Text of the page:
Wednesday, January 24, 2007

How to Read a Food Label Part II

A while back I posted the easy way to read a food label.

While I did add some advanced steps, I realize that due to Big Food doublespeak, it's often a challenge to truly understand their front of the package claims - that's where they have their "Special Statements". Here's a quick glossary:

  • No Fat Or Fat Free - Contains less than a 1/2 gram of fat per serving.
  • Lower Or Reduced Fat - Contains less the fat or calories of the original version or a similar product
  • Low Fat - Contains less than 3 grams of fat per serving.
  • Lite - Contains 1/3 the calories or 1/2 the fat per serving of the original version or a similar product.
  • Low Calories - Contains 1/3 the calories of the original version or a similar product.
  • No Calorie Or Calorie Free - Contains less than 5 calories per serving.
  • Sugar Free - Contains less than 1/2 gram of sugar per serving.
  • No Preservatives - Contains no preservatives (chemical or natural).
  • No Preservatives Added - Contains no added chemicals to preserve the product. Some of these products may contain natural preservatives.
  • Low Sodium - Contains less than 140 milligrams of sodium per serving.
  • No Salt Or Salt Free - Contains less than 5 milligrams of sodium per serving.
  • Baked Not Fried - Used mostly for potato chips, crackers or corn chips, this label means the product is usually sprayed with a light oil then baked in an over instead of fried in the oil. More often than not this does nothing to affect the calories of the item.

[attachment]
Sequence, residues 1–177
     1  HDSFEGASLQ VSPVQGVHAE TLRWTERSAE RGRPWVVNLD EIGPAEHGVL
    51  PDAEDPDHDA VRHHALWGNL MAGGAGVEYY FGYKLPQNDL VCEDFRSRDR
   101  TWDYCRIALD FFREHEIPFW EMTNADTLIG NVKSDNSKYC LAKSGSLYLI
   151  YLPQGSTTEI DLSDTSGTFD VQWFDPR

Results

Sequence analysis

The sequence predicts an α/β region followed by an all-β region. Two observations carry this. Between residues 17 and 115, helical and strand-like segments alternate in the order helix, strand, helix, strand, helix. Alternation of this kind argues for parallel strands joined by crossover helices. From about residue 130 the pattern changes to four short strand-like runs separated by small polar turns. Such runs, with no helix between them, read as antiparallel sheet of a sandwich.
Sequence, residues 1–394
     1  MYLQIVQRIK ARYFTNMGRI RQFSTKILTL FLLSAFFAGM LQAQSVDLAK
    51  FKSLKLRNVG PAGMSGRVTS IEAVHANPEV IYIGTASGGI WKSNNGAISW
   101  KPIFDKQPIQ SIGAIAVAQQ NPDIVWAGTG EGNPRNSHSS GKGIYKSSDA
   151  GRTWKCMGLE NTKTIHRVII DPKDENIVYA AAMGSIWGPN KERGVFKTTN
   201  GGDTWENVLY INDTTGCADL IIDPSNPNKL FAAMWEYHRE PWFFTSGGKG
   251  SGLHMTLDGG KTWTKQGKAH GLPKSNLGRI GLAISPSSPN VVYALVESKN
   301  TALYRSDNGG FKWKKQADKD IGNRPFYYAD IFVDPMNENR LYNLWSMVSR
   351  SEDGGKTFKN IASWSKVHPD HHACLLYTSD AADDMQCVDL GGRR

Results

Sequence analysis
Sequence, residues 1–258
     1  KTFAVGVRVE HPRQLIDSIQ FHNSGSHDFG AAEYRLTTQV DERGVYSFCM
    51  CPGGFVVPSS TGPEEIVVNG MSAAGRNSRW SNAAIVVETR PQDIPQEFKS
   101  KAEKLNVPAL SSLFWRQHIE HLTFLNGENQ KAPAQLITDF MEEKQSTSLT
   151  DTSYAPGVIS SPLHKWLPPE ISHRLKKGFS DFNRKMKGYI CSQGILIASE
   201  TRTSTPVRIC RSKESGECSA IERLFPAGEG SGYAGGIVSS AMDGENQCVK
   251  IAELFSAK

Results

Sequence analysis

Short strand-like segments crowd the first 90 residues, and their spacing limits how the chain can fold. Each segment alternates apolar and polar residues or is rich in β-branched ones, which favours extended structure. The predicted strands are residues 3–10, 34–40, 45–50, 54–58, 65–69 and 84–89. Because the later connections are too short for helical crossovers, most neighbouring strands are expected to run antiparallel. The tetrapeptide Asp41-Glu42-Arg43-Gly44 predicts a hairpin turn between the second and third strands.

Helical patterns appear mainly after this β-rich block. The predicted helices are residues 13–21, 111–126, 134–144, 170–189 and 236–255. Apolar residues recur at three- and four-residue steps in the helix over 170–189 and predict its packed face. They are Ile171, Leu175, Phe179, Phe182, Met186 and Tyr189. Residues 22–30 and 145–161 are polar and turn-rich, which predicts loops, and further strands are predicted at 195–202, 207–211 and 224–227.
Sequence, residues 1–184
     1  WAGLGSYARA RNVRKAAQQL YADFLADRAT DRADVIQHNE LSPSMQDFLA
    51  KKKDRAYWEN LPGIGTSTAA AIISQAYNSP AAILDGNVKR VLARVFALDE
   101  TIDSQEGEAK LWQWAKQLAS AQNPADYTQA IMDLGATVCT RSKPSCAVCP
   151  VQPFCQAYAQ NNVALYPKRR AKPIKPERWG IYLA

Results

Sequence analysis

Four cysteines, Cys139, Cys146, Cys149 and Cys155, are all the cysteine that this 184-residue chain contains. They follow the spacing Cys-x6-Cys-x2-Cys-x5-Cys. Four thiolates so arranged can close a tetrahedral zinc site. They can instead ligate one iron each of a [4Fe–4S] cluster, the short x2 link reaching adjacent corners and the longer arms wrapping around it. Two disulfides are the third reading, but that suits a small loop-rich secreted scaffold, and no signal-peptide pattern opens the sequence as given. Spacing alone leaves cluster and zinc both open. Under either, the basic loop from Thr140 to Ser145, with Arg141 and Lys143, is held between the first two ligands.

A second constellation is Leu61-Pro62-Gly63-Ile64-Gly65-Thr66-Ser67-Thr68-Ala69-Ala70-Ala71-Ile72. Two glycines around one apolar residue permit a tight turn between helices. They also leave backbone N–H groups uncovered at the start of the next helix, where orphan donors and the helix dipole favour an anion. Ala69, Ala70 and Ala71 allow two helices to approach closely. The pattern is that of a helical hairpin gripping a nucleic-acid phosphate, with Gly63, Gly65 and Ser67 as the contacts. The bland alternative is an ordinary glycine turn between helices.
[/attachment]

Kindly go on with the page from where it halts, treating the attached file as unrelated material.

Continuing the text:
• Lean - Contains less than 8 grams of total fat, up to 3.5 mg of saturated fat, and less than 80mg of salt in a serving.
Of course you have to keep in mind the fact that many of these statement are comparative ones. 1/3 the calories of an extremely high calorie original item may still contain a great deal of calories - similar story for saturated fats.

I also realized that in terms of my step #4 (Look at the sugar content), there are quite a few synonyms for sugar. Here's a list of all sort of different kinds of sugars.
Cane juice
Custard powder
Falernum Fructose
Glucose
Honey Jaggery
Jus de canne
Lactose
Levulose
Malt
Maltodextrin
Maltose
Marshmallow
Misri
Molasses
Orgeat
Panocha
Sorghum
Sucrose
Sugar
Treacle
Turbinado
Zuckerhut
Remember, at the end of the day, sugar is sugar and whether God added it doesn't make any difference.

Information is good.

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